marieke said...

O, and by the way
In oktober is my birthday, can I order such a beautifull piece of art Loki paints please?

Richard en Maaike said...

Hoi, nou wij komen eraan hoor! Hoewel je ziekhuisdingen etc natuurlijk niet moet aanpassen omdat wij komen. We kunnen dan toch juist wat ondersteunen her en der. We zien wel wat we aantreffen. Ik hoor van ouders bij ons op het KDC altijd dat ze erg blij waren met een PEG-sonde (zo noemen ze dat hier). Het is weer een hobbel om te nemen, maar levert vaak veel op. En inderdaad neemt de reflux bij de meeste kinderen wat af. Ik gun het Loki ontzettend om hier wat minder last van te hebben.
Hij begint trouwens ook meer uiterlijke trekjes van mama's kant te krijgen. Ik moet zeggen dat ik jou er nog niet heel erg in zie, maar ik zie wel Marieke (ik ben al lang blij dat ik er iets in zie, want ik ben hier heel slecht in, het is dus een compliment :) ).
Nog 3 weekjes!!! Yippie!!
X Maaike

Anonymous said...

hey guys,

just read about whats going on. andy and i would love to help out in any way we can. i'm gonna give jesse a call and see what y'all need.

also, i saw that you mentioned Dr. Rhee. We have a doctor friend in san francisco named Dr. Michelle Rhee. is this the same person. if so, drop my name (cuzin e) and watch the perks roll in.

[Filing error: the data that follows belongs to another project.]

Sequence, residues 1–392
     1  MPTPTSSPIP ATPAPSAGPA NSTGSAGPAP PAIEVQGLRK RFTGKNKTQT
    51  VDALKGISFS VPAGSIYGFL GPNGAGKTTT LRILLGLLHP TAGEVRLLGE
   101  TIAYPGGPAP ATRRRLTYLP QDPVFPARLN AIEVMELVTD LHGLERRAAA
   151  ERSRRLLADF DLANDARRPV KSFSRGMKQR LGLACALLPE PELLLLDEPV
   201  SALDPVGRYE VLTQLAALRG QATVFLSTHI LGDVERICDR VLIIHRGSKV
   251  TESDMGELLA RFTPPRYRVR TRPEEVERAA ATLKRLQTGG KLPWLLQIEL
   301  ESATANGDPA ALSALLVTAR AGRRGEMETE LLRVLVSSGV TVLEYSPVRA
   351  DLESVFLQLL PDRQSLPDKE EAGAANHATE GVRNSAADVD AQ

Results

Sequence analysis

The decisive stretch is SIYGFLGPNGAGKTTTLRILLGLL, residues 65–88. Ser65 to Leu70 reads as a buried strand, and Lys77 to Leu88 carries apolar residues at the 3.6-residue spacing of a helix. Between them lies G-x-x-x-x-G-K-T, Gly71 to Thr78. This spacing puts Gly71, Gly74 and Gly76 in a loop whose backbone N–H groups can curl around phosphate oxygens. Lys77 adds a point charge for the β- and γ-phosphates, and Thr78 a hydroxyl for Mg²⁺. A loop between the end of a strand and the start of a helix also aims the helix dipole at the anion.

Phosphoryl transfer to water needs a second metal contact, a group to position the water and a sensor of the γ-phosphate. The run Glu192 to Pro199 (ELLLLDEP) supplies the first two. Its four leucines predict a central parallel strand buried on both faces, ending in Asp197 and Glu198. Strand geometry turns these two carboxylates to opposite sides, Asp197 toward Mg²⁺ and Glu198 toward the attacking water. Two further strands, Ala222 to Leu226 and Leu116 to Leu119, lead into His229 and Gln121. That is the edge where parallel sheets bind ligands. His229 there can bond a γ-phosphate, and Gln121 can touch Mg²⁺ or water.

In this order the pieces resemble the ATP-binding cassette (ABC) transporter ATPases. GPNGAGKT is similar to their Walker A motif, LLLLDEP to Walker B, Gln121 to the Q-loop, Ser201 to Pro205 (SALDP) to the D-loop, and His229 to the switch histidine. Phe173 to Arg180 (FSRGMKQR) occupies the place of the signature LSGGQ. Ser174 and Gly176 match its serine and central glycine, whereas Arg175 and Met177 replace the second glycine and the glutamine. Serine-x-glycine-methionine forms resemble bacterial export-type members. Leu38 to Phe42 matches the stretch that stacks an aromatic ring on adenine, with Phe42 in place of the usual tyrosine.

berkeleygal77 said...

Can I have a Loki masterpiece painting for Chanukah?

Kyra said...

Oh my, what a lot of troubles again! And already creati ve therapy. Or is this the attempt to make him move his tricks to a more 2D level? Loki the wizard, I hope you keep amazing us. Give mom and dad a big hug, they need that! And hopefully your plans for the holidays don't get messed up.

Maaike, let me know whe exactly you leave, so I can drop some stuff off.



Suzan said...
This comment has been removed by the author.
Suzan said...

Lieve allemaal,

Heel veel sterkte weer! En heel veel plezier met jullie kleine mooie man!
En een heleboel wensen dat al deze complicaties snel voorbij zijn.

Dikke zoenen van ons allemaal,
Johan, Suzan en Phileine

About Loki Sky

Loki Sky is a special little man. He was a very early micropreemie, weighing only 610 grams (1 lb, 5 oz) after 24 weeks, 3 days gestation, born to an American Father and a Dutch Mother in Berkeley, California on October 18, 2008.

On January 11, 2009, while still in the hospital NICU, his one kidney stopped working. It was repaired after three surgeries. After spending time in three hospitals in three cities, Loki came home on February 17. He struggled with eating, and then stopped in July, leading to 8 days in the hospital, a failure-to-thrive diagnosis, and a NG feeding tube. On October 10, a minor surgery installed a G feeding tube. Another procedure replaced it with a new one, and then again with a Mic-Key button in Jan. 2010.

In August 2010, he and his parents moved to the Netherlands.

Read about his first name.
Read & hear about his middle name.
See photos.
See videos.